THEME: A Kingdom of Where Everyone is Cared For

By: Fr. Luke Ijezie

Ezekiel 34:11-12.15-17;
Psalm 23:1-6;
1Corinthians 15:20-26.28;
Matthew 25:31-46.

Today the Church celebrates the Solemn feast of Christ, the Universal King. The feast was instituted by Pope Pius XI on December 11, 1925, and it is celebrated on the last Sunday of the liturgical year, which is today, the 34th Sunday. The feast asserts the rights of Jesus to receive full homage, full service and full honour and fidelity from all humanity and in all aspects of human life. In Nigeria, the feast is specifically celebrated with the solemn Procession with the Blessed Sacrament, which before used to be done during the feast of the Body and Blood of Christ (Corpus Christi). The Corpus Christi procession adds a great colour to the celebration as it truly announces and demonstrates amidst popular shouts and praises that Jesus is the one to follow and listen to, as he is the very face and presence of God in our midst and model of loving in our troubled world. One important message of the feast from today’s readings is that the reign of Christ is for the wellbeing of all persons irrespective of rank or status or provenance. To be part of the reign of Christ is to join him in the care of all creatures, especially the more vulnerable members of the society.


1. In the first reading of today from Ezek 34:11-17, the care is expressed with the metaphor of shepherding, which is also found in the responsorial psalm from Psalm 23. The shepherd’s role is that of total dedication and commitment to the overall welfare of the sheep. He makes sure that the sheep is well provided for in terms of nourishment, comfort and security. In Ezekiel 34, God laments that the shepherd’s placed over His people have proved themselves irresponsible and selfish. Instead of caring for the sheep, they are only after their own comfort such that most of the sheep are left to stray and get lost or wounded. Consequently, God has decided to intervene in person to take care of His abandoned and scattered sheep. He will look after the lost, bring back the stray, bandage the wounded, make the weak strong and watch over the fat and healthy. There are six significant conditions of the sheep mentioned here: the lost, the stray, the wounded, the weak, the fat, the healthy. All of us, all humanity, without exception fall within these diverse grades of sheep. No condition escapes God’s shepherding care. The text is a great warning to all irresponsible leaders in the society.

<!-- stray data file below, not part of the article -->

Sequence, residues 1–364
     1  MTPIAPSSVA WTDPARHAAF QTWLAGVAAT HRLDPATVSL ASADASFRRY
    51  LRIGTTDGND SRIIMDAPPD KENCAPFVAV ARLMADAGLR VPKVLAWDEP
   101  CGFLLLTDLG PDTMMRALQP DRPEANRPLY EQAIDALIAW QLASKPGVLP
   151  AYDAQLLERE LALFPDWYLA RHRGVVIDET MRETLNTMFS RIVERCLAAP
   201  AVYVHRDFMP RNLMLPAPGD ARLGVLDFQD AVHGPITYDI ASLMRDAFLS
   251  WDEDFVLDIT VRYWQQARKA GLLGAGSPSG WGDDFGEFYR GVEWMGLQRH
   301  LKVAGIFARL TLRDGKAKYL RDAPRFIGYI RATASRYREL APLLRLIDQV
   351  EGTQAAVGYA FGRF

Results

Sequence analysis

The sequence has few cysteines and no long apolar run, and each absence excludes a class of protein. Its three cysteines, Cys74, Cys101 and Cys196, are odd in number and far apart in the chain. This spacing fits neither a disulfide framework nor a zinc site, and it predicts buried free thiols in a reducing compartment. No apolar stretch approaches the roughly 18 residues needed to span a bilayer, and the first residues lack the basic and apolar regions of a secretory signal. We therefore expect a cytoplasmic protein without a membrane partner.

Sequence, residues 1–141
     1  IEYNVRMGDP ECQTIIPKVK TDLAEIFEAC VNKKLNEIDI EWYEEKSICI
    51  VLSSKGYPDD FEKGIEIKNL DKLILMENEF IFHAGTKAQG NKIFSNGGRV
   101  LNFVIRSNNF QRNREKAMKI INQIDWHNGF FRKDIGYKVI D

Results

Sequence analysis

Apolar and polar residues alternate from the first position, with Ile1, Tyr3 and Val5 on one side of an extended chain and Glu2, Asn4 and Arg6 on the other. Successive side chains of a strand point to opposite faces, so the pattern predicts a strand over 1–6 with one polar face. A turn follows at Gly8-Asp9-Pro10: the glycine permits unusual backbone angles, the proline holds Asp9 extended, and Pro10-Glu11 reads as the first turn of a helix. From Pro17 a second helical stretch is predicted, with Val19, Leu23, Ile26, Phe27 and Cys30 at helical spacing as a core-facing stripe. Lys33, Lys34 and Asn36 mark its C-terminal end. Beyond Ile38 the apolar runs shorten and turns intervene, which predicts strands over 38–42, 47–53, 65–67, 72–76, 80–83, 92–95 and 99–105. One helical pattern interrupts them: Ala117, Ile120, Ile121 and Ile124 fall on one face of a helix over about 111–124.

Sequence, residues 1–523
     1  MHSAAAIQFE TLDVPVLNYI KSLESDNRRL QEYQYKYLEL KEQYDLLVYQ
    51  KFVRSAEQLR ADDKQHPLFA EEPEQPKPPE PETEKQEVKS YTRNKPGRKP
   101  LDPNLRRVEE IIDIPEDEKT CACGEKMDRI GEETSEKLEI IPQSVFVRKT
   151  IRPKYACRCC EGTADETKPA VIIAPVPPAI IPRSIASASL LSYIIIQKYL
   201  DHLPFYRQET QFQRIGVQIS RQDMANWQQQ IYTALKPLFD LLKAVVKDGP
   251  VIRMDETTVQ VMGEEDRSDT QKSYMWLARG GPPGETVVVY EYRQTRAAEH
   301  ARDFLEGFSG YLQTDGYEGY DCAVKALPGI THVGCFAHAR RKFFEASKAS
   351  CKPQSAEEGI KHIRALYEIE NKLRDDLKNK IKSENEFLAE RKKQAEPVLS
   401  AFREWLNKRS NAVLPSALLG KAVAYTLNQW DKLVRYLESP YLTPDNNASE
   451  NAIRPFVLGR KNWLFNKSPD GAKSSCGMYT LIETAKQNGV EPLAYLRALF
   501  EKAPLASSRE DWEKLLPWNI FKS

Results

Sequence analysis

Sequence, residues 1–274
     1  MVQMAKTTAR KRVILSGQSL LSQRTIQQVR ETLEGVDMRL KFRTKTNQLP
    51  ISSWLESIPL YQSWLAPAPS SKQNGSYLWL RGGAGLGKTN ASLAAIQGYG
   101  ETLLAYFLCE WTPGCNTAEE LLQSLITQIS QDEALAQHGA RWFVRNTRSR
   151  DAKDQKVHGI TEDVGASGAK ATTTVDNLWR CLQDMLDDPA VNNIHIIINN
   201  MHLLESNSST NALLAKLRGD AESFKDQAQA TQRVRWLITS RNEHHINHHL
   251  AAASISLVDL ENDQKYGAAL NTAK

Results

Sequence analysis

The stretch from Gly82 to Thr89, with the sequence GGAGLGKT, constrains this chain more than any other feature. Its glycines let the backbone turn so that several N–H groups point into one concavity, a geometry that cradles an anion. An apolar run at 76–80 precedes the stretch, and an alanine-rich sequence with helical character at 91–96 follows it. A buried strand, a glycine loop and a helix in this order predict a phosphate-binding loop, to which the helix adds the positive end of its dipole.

In the same way the psalmist of Psalm 23 regards God as the Good Shepherd who leads the sheep securely through every troubled region. As long as God leads, one can even eat a banquet without fear in the sight of powerful foes. What it means is that we have nothing to fear as long as God is with us. We can always remain calm in troubled times.
2. The second reading from 1 Cor 15:20-28 presents Christ as the only hope of life for humanity that is menaced by the forces of death right from Adam. If all died in Adam, they are brought to new life in Christ. But this does not go without a terrible fight. According to the text, Jesus must fight a battle against all the hostile forces that cause destruction and death. These enemy forces include every other sovereignty, authority and power. Every force that hinders God’s people from enjoying the good life planned for them by God is a hostile force that must be defeated. There are many such hostile forces in our present world and society.
3. The Gospel text of Matt 25:31-46 presents a dramatic picture of the last judgment that awaits all humanity. Those who will pass the judgment are only those who take care of the weaker members of the society: “for I was hungry and you gave me food, I was thirsty and you gave me something to drink, I was a stranger and you welcomed me, I was naked and you gave me clothing, I was sick and you took care of me, I was in prison and you visited me” (Matt 25:35-36). There are six categories of suffering conditions mentioned: hungry, thirsty, stranger, naked, sick, imprisoned. It is remarkable that Jesus identifies himself in this context with the lot of the suffering humanity, the same group depicted as the suffering and hapless sheep in the Ezek 34.
4. Working for the Kingdom of Christ involves getting fully engaged with the lives of others and being committed to repairing their brokenness. The way to show that the reign of God is in our midst is by being concerned for the welfare of others, paying practical attention to the sufferings of the poor and the needy. Wherever love, selflessness, righteousness and justice are lived out, there the reign of Christ is experienced. But wherever hate, selfishness, wickedness and injustice are the order of the day, there we see the bitterness of hell. As we hail Christ today as the Universal King, we are summoned to work with dedication for the welfare of others through concrete acts of love and human solidarity.
May the Spirit of God continue to abide with us so that we may realize the fruits of Christ’s reign of love, justice and peace in our land!



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